Giving birth and breastfeeding decrease risk of ovarian cancer

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Drink contraceptive pills, undergoing tubal ligation surgical procedures, giving birth and practicing breastfeeding, are factors that help reduce the likelihood of getting ovarian cancer.

It is the sixth most frequent pathology in women in the world and third in Mexico among gynecologic cancers, reports the Ministry of Health and Social Welfare of the state government.

Within the framework of World Ovarian Cancer Day, the agency said that women could also reduce the risk of suffering from this cancer, which is more lethal than breast or cervical, seeking other protective factors such as maintaining a healthy weight or not receiving hormone replacement therapy after the menopause.

Details that there are factors of protection against ovarian cancer like having taken contraceptive pills for five years or more, which allows you to have approximately 50% less risk of suffering from it, or have undergone surgical procedures of tubal ligation or removal of ovaries or uterus.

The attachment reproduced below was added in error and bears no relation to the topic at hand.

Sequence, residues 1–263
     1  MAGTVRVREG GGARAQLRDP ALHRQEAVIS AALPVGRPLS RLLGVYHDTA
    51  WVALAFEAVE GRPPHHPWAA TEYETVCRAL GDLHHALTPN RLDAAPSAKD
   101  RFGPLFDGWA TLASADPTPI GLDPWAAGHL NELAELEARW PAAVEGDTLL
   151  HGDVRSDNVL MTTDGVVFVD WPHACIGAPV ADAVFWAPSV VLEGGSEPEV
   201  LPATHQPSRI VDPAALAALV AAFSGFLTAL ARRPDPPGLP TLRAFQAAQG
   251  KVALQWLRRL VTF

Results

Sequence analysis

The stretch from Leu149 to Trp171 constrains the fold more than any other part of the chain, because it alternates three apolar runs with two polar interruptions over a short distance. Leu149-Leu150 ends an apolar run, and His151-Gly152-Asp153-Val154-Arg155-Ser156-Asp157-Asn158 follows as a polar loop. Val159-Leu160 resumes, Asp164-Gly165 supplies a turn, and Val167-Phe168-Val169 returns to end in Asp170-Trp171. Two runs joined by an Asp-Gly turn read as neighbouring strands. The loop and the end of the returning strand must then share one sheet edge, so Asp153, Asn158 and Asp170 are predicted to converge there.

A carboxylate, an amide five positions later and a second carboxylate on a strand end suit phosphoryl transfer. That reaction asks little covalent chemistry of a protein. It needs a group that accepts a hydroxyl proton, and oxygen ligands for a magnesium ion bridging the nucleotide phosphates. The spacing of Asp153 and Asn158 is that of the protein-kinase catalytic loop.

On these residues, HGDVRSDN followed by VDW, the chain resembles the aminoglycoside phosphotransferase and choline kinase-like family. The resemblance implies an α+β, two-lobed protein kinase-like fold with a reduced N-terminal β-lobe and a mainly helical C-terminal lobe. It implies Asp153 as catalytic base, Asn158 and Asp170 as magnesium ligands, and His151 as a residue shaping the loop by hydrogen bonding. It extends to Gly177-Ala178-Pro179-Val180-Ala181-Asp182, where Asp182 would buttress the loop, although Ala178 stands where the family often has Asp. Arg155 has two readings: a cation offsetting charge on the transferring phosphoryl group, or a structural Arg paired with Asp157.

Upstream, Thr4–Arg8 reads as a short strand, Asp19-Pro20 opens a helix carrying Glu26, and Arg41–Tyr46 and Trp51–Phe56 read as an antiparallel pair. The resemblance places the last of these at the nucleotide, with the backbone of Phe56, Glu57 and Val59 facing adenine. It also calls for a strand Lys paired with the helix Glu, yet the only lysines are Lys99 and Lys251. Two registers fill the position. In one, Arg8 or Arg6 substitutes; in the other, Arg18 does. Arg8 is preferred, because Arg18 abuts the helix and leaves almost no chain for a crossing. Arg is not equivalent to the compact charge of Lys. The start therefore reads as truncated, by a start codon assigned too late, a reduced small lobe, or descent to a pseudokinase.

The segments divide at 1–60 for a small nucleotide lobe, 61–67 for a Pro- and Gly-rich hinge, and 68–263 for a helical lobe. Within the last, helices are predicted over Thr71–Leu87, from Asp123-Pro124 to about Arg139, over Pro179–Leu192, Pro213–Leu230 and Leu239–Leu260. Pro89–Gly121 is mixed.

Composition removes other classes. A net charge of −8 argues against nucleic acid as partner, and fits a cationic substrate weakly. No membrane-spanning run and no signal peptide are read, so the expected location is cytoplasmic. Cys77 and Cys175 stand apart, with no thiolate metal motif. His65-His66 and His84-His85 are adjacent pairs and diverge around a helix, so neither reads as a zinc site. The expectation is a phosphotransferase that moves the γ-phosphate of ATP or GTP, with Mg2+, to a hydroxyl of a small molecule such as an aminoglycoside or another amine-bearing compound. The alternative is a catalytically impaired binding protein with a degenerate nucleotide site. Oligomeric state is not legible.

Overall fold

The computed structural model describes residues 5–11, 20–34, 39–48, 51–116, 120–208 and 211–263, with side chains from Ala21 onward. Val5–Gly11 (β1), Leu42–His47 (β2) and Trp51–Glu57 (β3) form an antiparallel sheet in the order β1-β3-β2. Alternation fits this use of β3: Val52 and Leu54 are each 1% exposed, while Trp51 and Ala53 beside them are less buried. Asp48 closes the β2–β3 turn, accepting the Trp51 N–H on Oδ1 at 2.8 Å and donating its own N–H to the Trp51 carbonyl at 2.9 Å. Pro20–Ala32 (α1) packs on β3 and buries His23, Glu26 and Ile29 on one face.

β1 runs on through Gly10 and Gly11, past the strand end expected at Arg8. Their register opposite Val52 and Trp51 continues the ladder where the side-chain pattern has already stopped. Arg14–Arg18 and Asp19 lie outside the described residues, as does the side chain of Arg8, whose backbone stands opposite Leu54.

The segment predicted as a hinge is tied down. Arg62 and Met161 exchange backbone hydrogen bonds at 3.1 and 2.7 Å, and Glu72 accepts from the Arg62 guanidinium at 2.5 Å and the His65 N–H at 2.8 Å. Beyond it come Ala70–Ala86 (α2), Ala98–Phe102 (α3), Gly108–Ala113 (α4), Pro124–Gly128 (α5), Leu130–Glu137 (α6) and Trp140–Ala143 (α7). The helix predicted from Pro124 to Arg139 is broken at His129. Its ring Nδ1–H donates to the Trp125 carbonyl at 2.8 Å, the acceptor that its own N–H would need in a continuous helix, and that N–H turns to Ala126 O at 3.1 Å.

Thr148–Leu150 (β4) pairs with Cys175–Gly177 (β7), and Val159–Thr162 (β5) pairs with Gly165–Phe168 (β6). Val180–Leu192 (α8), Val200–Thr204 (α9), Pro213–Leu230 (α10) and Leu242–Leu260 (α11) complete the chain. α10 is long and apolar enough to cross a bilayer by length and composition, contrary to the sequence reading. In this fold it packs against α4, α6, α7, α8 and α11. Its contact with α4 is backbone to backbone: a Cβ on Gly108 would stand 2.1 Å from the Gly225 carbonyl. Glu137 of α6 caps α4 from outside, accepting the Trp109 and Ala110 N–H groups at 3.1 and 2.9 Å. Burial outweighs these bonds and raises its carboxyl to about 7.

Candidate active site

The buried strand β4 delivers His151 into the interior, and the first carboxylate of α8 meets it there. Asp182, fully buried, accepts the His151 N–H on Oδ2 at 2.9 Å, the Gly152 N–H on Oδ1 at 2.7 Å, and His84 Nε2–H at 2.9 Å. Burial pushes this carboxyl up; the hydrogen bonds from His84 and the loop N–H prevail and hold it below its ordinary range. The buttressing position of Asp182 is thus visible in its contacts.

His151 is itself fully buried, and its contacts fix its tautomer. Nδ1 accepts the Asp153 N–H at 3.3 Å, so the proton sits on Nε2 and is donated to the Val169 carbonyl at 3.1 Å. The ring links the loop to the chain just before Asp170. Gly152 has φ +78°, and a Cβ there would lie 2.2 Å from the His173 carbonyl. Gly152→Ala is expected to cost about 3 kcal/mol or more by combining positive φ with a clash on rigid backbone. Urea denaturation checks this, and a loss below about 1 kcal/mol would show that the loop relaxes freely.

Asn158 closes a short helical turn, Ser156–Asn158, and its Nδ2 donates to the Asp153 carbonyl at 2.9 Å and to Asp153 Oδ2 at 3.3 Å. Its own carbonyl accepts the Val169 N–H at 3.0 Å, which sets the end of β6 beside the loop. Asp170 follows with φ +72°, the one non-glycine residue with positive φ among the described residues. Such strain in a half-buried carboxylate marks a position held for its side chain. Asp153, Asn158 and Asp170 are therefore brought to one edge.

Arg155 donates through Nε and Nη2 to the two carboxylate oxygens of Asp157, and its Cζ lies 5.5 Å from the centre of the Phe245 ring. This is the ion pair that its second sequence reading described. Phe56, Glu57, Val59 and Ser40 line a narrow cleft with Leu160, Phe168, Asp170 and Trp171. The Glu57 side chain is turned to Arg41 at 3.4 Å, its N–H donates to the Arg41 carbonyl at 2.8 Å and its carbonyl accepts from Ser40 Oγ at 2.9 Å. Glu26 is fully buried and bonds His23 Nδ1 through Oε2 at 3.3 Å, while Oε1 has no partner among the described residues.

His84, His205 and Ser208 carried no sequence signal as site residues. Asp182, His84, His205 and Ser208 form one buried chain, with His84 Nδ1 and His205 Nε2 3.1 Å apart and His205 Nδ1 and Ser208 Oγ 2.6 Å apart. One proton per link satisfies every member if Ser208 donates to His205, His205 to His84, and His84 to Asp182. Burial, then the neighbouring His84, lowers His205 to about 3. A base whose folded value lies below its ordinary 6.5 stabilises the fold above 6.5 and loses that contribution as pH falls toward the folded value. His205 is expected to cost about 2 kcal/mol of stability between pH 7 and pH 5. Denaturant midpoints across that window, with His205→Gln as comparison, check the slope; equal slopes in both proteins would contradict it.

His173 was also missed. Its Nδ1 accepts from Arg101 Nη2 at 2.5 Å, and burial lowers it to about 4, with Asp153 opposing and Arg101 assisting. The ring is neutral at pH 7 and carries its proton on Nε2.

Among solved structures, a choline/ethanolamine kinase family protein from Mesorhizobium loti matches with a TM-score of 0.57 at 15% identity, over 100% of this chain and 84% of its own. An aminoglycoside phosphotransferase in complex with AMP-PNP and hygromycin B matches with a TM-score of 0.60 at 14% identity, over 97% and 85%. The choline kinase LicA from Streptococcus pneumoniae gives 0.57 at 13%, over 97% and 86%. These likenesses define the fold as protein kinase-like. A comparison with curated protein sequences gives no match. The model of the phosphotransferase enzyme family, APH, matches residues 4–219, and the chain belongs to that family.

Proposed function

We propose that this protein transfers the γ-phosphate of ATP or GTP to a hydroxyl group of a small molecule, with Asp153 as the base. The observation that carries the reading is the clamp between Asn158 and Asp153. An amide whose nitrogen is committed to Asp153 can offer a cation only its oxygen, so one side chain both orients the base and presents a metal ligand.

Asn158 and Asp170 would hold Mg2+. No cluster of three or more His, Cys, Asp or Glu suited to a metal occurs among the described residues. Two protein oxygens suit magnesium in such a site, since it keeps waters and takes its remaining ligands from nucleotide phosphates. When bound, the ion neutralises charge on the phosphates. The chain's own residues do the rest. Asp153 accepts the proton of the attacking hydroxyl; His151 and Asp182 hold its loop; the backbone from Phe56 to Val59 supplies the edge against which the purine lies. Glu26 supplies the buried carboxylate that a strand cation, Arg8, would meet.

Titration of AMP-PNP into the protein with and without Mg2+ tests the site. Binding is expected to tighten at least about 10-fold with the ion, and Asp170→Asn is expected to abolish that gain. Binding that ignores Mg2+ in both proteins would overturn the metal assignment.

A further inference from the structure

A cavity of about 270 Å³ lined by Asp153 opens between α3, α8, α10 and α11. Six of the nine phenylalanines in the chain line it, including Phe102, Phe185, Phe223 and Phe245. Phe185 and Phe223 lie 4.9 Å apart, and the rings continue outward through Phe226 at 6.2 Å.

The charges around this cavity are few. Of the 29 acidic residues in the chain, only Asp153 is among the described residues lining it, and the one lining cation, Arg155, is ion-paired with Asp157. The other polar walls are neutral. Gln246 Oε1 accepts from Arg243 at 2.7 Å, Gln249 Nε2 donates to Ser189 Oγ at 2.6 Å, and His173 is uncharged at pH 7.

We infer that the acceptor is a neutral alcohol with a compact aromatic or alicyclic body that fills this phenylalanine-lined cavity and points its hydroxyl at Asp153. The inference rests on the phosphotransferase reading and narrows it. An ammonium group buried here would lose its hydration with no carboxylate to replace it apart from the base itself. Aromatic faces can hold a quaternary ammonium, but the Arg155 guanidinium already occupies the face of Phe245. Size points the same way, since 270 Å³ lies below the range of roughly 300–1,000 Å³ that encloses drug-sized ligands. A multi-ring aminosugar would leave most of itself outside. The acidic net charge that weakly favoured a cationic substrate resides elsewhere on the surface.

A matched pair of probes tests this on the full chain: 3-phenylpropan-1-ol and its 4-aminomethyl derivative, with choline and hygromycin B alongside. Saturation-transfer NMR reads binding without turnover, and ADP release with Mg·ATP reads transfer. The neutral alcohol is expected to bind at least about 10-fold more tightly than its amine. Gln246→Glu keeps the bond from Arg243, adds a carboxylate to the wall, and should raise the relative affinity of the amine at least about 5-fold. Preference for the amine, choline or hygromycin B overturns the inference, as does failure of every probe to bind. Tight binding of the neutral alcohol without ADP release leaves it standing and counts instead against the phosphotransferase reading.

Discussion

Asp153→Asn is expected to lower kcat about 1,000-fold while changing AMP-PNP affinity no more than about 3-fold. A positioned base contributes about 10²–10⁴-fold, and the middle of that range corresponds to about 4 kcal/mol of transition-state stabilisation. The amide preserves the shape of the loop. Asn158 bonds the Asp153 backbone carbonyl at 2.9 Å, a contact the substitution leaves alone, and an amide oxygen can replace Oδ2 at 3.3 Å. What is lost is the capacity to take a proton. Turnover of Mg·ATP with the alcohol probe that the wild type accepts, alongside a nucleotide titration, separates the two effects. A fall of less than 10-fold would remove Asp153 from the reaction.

Also, having given birth or breastfeed for a year or more, help women to have a moderately reduced risk of presenting this condition.

According to National Institute of Cancerology and the National Institute of Public Health, epithelial ovarian cancer (cells that cover the ovary) is the most common with 95 percent of cases, mainly from 45 years, and the remaining five percent corresponds to the germ cell (cells inside) in young women

According to the OncoguĂ­a of Ovarian Epithelial Cancer, the diagnosis is usually made after menopause and the average age of presentation is at 63 years, although 16 percent of cases are diagnosed between 40 and 44 years, while survival to five years it has changed from 37 percent in 1976 and 41 n 1985, to 53 percent in the year 2000.

In the state, this cancer is the seventh cause of morbidity due to malignant tumors in the State Institute of Cancerology with four percent of the cases (343) of the cancers that have been treated between 1996 and 2018.

The Ministry of Health reported that the risk of ovarian cancer increases with age and, among women who are obese or have their first full-term pregnancy (full) after age 35, in addition to those who never had a full-term pregnancy , as well as among those who use estrogen after menopause or have a family history.


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